Some shops that prefer to be anonymous are even recommending lining up the edge of the silver piece with the arrows on the housing. This is slightly tighter than the flush with the back edge of the housing; perhaps 2-3mm more pressure.
From pg 25 of the Salomon shop manual
Back of the Shift heel housing before the boot is inserted - note the two arrows. Also note the raised rectangle
Shift adjusted with the silver piece lined up with the two arrows ever so slightly tighter than if the silver piece was flush with the housing
Toe lever is stiff
In tour mode you have to lock out the Shift toe so the binding stays in your tech boot's pin-holes. The toe lock is initially really stiff. Don't be afraid to get aggressive as there's one lock detent then another further lock detent . The mechanism works in over time so it's less stiff.
First toe lever lock. It'll stay in but not if you're aggressively kicking steps or kick-turning
The toe lever has to be completely vertical to be fully locked out.
Brakes have two settings
Shift brakes pop into place on a cammed mechanism once the walk mode lever is slipped over. There is also a latch so if you only set the first stage by engaging the cam then the brakes can pop from stowed-away tour mode and deploy into ski mode.
First of all; clear the snow off the brake mech by whacking it with your ski pole or your hand. Then flip the walk mode lever, raise brakes into tour mode and then grab and lift the brakes with your fingers while pushing the lever down hard with your thumbs until you hear a louder click. Then you'll know the brakes are locked into tour mode. Or you can give the ski some good hard stomps once you're in tour mode to set the latch.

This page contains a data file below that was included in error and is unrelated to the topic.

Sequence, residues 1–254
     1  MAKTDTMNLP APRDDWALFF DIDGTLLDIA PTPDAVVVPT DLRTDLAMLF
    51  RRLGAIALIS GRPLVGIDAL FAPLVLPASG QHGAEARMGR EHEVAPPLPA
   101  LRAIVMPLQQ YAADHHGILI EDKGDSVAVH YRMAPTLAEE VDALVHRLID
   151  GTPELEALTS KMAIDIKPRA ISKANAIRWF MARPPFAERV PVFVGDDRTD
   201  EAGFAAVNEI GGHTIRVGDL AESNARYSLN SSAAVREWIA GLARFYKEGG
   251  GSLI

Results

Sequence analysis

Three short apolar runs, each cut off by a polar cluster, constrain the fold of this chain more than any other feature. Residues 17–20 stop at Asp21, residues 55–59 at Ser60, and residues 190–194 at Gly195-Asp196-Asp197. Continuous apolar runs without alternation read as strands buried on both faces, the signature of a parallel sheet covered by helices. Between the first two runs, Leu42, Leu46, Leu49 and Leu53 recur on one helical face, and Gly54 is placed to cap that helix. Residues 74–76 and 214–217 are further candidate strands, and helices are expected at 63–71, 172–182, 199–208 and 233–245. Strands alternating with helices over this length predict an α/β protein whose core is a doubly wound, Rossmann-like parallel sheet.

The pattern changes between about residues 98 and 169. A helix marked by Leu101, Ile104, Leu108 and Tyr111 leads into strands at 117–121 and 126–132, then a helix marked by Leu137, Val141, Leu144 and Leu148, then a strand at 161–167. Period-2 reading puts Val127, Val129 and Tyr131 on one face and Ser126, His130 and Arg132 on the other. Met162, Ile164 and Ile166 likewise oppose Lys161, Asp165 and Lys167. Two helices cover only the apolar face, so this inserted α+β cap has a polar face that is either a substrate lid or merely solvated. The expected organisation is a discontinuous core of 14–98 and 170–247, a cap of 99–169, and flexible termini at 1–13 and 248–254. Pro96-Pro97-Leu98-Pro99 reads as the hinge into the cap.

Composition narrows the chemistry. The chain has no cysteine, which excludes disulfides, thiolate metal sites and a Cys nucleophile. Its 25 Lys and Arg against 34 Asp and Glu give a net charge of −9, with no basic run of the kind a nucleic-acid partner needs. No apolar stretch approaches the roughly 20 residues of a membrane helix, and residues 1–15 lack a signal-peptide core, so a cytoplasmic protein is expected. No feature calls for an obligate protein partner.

The Shift brake and walk/tour mechanism. Like anything with crevices, it can and will get gummed with snow and ice
This isn't so much a Shift issue. It's a user (un)realistic expectation issue. It seems to come from users who feel - "I can ski all these things in my Look Pivot yet I blow out of my Shifts". Newsflash - the Shift skis like a STH. This means that the Shift will ski as well as an above-average performing binding.
When Salomon/Atomic's marketing puffery says that Shift has "retention like an alpine bindning" it means just that. There's a wide spectrum of performance within the "alpine binding" with good and bad options. On the high end you have Pivots that have massive bags of elasticity while on the other you have the older Markers which pre-release as soon as you looked at them
So if you believe that the Shift should have the elasticity and retention of the very best or highest end alpine binding and you want to ski it very aggressively then you may be disappointed. What they are is acceptable for many skiers in terms of retention but in the end, they are still a better than average binding in terms of retention. Coming back to what is the best binding for the type of skier who is large and/or very aggressive, look for systems like CAST or just accept that touring bindings may not be for you.